Councilman Bond Seeks Trust Fund for Turner Field Communities, as Smith Holds Meeting
(APN) ATLANTA — Atlanta City Councilman Michael Julian Bond (Post 1-at-large) has introduced an ordinance at the Monday, February 20, 2017 Full Council Meeting, directing the Chief Financial Officer of the City of Atlanta to establish a Trust Fund to benefit the neighborhoods surrounding the Turner Field redevelopment.
The ordinance was referred to Finance/Executive Committee, where it will be heard on March 01.
Meanwhile, Councilwoman Carla Smith (District 1) held a meeting on Wednesday, February 15, 2017, with the Turner Field Community Benefit Coalition and a group of community members including Suzanne Mitchell, to discuss the possibility of securing additional benefits for the impacted neighborhoods.
Smith, Mitchell, and the Coalition have been discussing something they are calling a “Community Investment Agreement.” How this is different from a Community Benefits Agreement, as sought by the Coalition for the last two years, is not clear.
It may have seemed that with the Atlanta Fulton County Recreation Authority having finalized their sale of the Turner Field site to Georgia State University and private developers, that the opportunity to secure benefits for the communities was in the past.
However, the Coalition has not given up and, as reported by Atlanta Progressive News, has been disrupting meetings of the Atlanta City Council, making numerous public comments; and has continued putting pressure on Georgia State University.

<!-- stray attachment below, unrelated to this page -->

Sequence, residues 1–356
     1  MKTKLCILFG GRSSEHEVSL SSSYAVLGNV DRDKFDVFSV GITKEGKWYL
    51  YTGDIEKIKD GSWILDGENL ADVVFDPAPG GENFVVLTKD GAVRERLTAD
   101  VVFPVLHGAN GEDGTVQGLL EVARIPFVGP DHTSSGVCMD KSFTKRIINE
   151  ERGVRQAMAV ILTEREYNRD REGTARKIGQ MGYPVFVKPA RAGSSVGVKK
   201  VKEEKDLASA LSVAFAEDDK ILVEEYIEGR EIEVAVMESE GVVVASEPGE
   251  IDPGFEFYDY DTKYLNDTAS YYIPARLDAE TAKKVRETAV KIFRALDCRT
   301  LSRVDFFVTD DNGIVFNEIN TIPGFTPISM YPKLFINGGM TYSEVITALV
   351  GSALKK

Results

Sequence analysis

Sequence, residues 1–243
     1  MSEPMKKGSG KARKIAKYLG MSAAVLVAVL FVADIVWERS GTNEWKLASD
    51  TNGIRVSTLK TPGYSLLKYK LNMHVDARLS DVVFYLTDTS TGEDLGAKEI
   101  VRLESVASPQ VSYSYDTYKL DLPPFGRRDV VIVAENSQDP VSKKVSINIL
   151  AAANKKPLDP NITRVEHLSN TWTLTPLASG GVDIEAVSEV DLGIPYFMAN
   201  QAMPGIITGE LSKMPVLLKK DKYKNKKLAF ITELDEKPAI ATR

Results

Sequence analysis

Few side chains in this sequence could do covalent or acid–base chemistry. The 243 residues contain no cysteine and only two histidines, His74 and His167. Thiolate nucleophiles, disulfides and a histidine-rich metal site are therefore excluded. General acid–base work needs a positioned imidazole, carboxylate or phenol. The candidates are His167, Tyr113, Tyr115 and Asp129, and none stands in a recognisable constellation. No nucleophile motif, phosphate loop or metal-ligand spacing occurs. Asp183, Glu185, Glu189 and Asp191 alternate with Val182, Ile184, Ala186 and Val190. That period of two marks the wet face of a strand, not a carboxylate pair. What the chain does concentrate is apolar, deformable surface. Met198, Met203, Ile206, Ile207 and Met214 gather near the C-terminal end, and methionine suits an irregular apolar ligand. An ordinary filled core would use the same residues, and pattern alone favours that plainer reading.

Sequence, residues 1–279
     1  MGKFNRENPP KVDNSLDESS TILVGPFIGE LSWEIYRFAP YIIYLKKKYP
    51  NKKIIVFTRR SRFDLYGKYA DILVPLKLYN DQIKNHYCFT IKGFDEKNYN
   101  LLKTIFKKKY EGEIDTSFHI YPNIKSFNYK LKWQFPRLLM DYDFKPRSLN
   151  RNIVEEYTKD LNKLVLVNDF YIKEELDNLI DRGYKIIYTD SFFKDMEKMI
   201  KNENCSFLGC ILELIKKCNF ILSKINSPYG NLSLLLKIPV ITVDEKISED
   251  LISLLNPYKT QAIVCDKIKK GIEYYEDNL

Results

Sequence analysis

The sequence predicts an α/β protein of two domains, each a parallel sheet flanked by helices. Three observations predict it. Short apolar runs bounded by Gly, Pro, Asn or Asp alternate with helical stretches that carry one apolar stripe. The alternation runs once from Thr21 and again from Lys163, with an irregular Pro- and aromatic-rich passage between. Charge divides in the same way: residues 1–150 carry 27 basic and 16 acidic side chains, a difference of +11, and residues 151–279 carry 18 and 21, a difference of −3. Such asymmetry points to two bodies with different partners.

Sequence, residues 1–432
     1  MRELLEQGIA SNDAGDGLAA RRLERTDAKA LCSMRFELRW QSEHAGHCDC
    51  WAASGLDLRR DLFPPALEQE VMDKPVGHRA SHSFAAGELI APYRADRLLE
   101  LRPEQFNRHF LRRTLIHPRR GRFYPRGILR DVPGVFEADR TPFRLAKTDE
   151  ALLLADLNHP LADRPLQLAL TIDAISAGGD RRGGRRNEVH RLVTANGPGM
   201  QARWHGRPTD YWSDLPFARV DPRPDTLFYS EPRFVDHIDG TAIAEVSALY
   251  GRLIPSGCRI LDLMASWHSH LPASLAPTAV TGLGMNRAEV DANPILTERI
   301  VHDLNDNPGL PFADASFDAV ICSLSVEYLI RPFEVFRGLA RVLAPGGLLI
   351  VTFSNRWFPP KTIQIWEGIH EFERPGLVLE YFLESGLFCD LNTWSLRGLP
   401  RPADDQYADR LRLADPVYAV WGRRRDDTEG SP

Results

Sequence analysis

The Coalition has taken the position that the sale agreement between the Recreation Authority and Georgia State University did not provide adequate benefits to the community.
The Coalition met with Councilman Bond, also on February 15, to discuss their concerns.
“After having met with the representatives from the adjoining communities, this is just one piece of what we had discussed, about attempting to make the community whole beyond the initial Turner Field deal,” Bond told Atlanta Progressive News.
Bond’s ordinance is “to make sure there’s a mechanism in place so they’re continually benefiting from development within three miles so those funds can return to the community so they can have a positive impact,” he said.
Bond’s ordinance, as proposed, states: “That the Chief Financial Officer is authorized to establish an appropriate Trust Fund for the deposit and expenditure of those funds derived of the sale of City-owned property within a mile radius of the Turner Field Redevelopment Area.”
Bond says revised his personal paper prior to its introduction to revise the area to a three mile radius.
And further: “That the Trust Account may be used solely to fund economic and community development initiatives, such as affordable housing, job training, and the Mechanicsville, Pittsburgh, Peoplestown, and Summerhill neighborhoods.”
Examples of City property in the area includes the Atlanta Workforce Development Agency building, the Dunbar Center, and Four Corners Park and neighboring parcels.